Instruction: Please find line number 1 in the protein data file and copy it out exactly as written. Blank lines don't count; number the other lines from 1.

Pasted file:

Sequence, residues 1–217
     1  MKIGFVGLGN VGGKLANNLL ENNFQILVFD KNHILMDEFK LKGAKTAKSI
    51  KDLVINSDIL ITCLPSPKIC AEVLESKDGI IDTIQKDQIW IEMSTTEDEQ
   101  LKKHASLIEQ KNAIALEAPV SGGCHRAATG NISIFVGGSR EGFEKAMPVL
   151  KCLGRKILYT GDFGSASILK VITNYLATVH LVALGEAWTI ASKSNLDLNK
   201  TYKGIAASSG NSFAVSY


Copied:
Sequence, residues 1–217